Details/Information for Canadian Forces (CF) Operation ANGORA

CF Overseas Operations have most often operated within the construct of an international mandate. As such, the International Information is presented first in order to provide the context of the Canadian Operation (displayed second). Eventually, all rotations associated with the particular Canadian operation will also be displayed.

ANGORA
UNIFIL Headquarters at Naguora Lebanon.

International Information

International Operation Name: United Nations Interim Force in Lebanon

International Mission Name: United Nations Interim Force in Lebanon (UNIFIL)

Mandating Organization: United Nations

Region Name: Middle East

Location: Lebanon

Mission Date: 19 March 1978 - Present

Mission Mandate:

In accordance with Security Council Resolutions 412 and 426 (19 March 1978), UNIFIL was established to:

Mission/Operation Notes:

In the early 1970’s tensions along the Israeli-Lebanese border increased, with frequent incursions by Palestinian terrorist groups into Israel. These became more frequent after the displacement of the Palestinian terrorist groups from Jordan to Lebanon and after the 1973 Arab-Israeli War. The Lebanese government was unable to prevent these incursions, as the country was in the midst of a civil war. On 11 March 1978, Al-Fatah launched a raid along the main coastal road in the north. Eleven terrorists landed in northern Israel, killing thirty-four Israelis and one American and injuring over seventy Israelis. They commandeered a bus and were stopped in a fierce gunfight with Israeli police north of Tel Aviv.

In response, on the night of 14/15 March, Israel launched a four-pronged offensive into southern Lebanon. The Lebanese government submitted a strong protest to the Security Council, which subsequently issued a resolution on 19 March calling upon Israel to cease its military activities and withdraw from Lebanon. The resolution also called upon the Secretary-General to implement a United Nations interim force for Southern Lebanon, which became the United Nations Interim Force in Lebanon.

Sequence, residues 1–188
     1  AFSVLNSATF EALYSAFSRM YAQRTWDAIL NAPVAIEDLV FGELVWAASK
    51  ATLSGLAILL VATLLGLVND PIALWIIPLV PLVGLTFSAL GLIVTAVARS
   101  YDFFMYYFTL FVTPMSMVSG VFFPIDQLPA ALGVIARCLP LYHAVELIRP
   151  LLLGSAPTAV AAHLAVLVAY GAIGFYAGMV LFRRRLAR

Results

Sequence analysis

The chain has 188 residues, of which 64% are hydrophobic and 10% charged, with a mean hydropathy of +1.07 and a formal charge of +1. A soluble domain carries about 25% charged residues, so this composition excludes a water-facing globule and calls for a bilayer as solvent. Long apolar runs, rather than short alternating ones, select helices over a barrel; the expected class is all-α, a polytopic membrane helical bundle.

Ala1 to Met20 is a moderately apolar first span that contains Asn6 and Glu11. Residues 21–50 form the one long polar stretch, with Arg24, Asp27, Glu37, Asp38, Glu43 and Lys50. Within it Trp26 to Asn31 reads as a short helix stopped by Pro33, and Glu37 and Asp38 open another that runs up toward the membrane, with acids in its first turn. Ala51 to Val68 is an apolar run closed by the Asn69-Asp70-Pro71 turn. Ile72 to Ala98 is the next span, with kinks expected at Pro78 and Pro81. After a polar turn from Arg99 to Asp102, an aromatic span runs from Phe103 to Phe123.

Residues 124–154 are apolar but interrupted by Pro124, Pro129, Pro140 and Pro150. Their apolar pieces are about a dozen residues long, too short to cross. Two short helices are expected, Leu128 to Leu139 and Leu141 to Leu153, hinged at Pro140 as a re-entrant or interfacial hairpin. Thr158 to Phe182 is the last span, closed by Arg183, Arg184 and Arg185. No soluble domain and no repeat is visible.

The first UN forces to arrive in southern Lebanon were members of UNTSO. They were followed soon thereafter by an Iranian Company from UNDOF. A Canadian signals detachment (73 Canadian Signals Squadron) was temporarily assigned from UNEF II, being relieved by the Canadian Contingent UNIFIL on 29 April.

Top of Page


Canadian Forces (CF) Information (ANGORA)

Name: ANGORA

Date: 13 April 1978 - 1 October 1978

CF Mission/Operation Notes:

Based on an urgent appeal from the Secretary-General, Canada agreed to provide a signals troop to UNIFIL until 1 October 1978. The Canadian op name was Operation ANGORA. The troop was composed mainly of personnel from the 1st Canadian Signals Regiment in Kingston with 12 augmentees from the Canadian Airborne Regiment. This initial group of 91 personnel commenced deployment on 18 April from CFB Trenton, and were all on the ground in Lebanon by 19 April. The Canadian Contingent was composed of two units: the Canadian Signal Unit UNIFIL (CSU-U) with 89 personnel, and the Chief Signal Officer UNIFIL with two personnel.

The CSU-U was responsible for setting up the communications system between UNIFIL HQ and its deployed battalions. Initially, UNIFIL was to have five battalions and a logistics support unit, totaling 4,000 soldiers. The CSU-U thus found themselves stretched when they discovered that UNIFIL actually increased to 6,000 as a result of fighting between terrorists and UN forces in early May. As a result a further draft of twenty-six personnel arrived in theatre on 16 June. These personnel were recruited from around Canada and allowed the CSU-U to operate in a reasonable manner.

Besides manning the UNIFIL communications net, manning the UNIFIL switchboard and operating the signals dispatch service, the CSU-U found themselves creating an increased communications net, providing local defence and security, and feeding UNIFIL HQ staff. On 12 July three Canadians were among a group of fifty-two UN soldiers captured by elements of the Palestine Liberation Organization. They were released unharmed after three hours, although several other UN soldiers were injured in the fighting.

Of the 117 Canadians, two had a slightly different role - the Chief Signals Officer (CSO) and the Chief Communications Operator. They were responsible for the coordination of the UNIFIL communications system, both voice and data. The CSO was an acting-lieutenant-colonel who was also appointed the Senior Canadian Officer in UNIFIL.

As specified in the original agreement with the UN, the Canadian Contingent ceased operations on 1 October. On 2 October, equipment was packed and prepared for shipment through Haifa. The first group of Canadians left Ismailia on 4 October and were back in Canada on the 6th. The second group departed from Tel Aviv and were home on 9 October.

The Canadian Signals unit was replaced by a combination of military and civilian communicators. UNIFIL continues its efforts at maintaining peace and security in the southern area of Lebanon, although under a different mandate. Canadians have participated from time-to-time, as members of UNTSO are often detached to UNIFIL.